At 5:54 AM, Blogger Art Durkee said...

I read this essay a few days ago with great interest. I'm glad you discovered it, too. I enjoy reading Sullivan, although I disagree with him fairly regularly, and agree with him other times.

I disagree with him slightly on some smaller points in this essay, but I know that's because my approach is a creative one, rather than a reporter's one. I think that what he says is very true for the kind of blogging he does. But there are other kinds of blogging. I share his excitement about blogging, but I don't practice his style of blogging. The Dragoncave's whole purpose, structure, and timing has nothing to do with the news cycle, the political news cycle in particular. Not that I am not attuned—try to avoid it, good luck—but that my viewpoint is that ephemera are ephemeral, and that most blogging is ephemera, not enduring. This is almost as true for literary blogging as for reportage. The lit blogs I follow, and exchange with, mostly don't post even every third day, giving time for thoughtful responses, and some very good thinking.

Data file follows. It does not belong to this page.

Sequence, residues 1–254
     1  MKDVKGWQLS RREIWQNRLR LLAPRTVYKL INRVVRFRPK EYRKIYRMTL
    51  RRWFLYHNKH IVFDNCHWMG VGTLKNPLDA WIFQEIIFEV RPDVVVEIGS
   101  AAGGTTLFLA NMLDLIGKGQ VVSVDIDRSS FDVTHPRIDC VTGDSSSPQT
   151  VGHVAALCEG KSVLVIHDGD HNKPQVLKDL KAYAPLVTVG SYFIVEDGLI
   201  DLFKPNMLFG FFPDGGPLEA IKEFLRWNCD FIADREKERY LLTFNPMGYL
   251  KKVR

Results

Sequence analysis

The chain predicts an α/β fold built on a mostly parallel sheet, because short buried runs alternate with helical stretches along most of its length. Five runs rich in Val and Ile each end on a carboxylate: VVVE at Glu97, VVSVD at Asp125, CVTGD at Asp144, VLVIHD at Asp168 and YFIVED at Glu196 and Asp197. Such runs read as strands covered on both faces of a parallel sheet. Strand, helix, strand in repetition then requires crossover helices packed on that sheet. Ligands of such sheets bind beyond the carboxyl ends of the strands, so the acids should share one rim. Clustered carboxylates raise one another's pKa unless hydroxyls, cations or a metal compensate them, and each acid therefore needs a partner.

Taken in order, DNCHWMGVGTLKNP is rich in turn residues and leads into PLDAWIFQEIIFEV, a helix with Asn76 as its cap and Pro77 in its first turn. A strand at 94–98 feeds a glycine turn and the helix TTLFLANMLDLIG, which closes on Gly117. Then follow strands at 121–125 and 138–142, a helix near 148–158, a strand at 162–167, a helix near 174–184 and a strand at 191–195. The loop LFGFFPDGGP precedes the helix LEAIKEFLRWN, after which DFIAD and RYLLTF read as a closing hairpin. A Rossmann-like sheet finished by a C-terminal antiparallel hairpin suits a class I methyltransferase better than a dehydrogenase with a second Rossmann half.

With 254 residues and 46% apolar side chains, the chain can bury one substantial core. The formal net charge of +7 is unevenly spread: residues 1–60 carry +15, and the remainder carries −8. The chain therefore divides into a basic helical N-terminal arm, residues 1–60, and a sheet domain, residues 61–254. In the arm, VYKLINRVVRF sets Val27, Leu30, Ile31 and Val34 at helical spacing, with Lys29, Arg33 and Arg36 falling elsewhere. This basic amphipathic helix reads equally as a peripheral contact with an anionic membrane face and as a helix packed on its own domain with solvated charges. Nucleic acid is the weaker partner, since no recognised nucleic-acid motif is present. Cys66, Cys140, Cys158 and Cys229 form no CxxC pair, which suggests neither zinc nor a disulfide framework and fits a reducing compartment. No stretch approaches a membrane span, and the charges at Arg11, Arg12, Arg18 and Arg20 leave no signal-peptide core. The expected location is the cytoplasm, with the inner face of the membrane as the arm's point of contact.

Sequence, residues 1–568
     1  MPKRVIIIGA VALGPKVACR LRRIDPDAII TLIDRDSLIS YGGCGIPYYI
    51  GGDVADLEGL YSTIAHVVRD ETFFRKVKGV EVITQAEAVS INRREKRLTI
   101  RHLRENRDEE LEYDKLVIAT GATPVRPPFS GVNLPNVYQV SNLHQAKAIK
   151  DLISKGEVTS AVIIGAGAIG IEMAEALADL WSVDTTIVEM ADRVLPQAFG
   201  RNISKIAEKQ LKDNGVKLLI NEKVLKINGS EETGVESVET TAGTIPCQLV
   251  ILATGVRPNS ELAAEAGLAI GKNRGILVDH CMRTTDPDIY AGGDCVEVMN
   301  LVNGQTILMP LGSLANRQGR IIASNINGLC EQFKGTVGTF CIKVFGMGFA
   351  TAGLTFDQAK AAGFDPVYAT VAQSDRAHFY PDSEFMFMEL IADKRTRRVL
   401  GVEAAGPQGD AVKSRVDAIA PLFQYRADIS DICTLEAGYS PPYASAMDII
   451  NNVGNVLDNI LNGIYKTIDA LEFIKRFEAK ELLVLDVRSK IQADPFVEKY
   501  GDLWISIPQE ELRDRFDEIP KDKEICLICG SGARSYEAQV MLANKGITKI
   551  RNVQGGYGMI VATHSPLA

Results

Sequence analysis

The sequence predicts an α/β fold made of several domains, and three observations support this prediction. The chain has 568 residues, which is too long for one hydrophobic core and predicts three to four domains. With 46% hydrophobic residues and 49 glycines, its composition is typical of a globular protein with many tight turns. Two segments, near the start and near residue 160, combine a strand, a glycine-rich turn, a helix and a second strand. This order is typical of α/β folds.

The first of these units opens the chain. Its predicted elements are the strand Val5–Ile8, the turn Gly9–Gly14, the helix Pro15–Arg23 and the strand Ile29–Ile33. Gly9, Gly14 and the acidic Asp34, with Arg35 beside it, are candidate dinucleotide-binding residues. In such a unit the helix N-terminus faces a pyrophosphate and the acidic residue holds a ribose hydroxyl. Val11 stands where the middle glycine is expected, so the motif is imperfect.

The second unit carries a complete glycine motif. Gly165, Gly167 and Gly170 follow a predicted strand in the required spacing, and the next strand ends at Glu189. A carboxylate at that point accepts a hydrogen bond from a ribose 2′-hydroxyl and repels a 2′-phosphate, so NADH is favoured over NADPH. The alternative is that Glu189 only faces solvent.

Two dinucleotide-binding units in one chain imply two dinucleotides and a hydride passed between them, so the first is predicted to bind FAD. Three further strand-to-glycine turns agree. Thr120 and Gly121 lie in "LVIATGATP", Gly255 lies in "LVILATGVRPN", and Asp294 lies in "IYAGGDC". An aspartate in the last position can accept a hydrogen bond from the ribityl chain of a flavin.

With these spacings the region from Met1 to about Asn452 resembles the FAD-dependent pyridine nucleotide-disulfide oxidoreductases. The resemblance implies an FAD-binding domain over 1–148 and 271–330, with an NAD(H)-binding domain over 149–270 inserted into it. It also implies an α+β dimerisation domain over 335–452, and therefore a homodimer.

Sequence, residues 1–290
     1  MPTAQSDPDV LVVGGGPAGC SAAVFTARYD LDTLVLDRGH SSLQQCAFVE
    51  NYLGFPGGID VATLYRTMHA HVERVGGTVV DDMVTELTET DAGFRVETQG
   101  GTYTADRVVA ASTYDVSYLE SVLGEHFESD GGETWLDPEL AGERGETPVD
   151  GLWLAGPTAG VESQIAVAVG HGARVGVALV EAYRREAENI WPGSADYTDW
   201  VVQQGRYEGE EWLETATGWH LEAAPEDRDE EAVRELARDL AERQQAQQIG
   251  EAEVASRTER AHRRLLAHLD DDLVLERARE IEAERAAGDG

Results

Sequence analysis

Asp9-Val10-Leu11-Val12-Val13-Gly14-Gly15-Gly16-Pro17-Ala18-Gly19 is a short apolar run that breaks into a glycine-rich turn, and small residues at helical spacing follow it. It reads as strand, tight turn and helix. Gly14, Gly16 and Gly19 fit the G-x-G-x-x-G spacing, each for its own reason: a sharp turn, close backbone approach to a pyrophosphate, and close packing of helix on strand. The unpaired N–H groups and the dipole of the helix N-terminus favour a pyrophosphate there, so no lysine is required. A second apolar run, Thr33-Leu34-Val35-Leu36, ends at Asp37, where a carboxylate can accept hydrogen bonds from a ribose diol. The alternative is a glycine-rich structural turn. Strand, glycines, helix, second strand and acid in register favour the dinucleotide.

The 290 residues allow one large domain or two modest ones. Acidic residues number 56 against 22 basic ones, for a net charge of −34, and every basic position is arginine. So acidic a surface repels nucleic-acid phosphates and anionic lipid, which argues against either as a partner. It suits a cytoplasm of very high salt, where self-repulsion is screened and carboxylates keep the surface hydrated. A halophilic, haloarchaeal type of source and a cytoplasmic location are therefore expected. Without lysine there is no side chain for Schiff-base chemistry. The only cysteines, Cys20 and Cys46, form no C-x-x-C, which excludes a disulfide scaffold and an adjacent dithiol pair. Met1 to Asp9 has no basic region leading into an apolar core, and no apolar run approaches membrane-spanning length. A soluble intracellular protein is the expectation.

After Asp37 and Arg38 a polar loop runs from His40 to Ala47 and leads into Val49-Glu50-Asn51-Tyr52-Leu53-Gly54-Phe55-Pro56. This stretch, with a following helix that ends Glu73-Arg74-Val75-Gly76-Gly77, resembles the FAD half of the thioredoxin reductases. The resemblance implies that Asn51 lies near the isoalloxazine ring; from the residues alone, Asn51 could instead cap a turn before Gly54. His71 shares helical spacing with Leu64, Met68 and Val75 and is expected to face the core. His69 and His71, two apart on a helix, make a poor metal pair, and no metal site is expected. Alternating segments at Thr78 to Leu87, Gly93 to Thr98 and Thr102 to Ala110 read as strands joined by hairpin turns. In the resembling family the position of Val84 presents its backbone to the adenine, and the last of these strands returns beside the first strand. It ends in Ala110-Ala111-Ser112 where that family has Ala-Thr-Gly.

The paradox of Sullivan's essay is that this longer essay, which is thoughtful and probably more enduring than any given post on Sullivan's blog on any given day, won't be read by many of his regular blogospheric readers. Unless of course he posts it there, too. The point is, I think he has the pulse of the media, and the times, pretty well done.

Thanks for linking to the essay.

At 6:06 AM, Blogger John Ettorre said...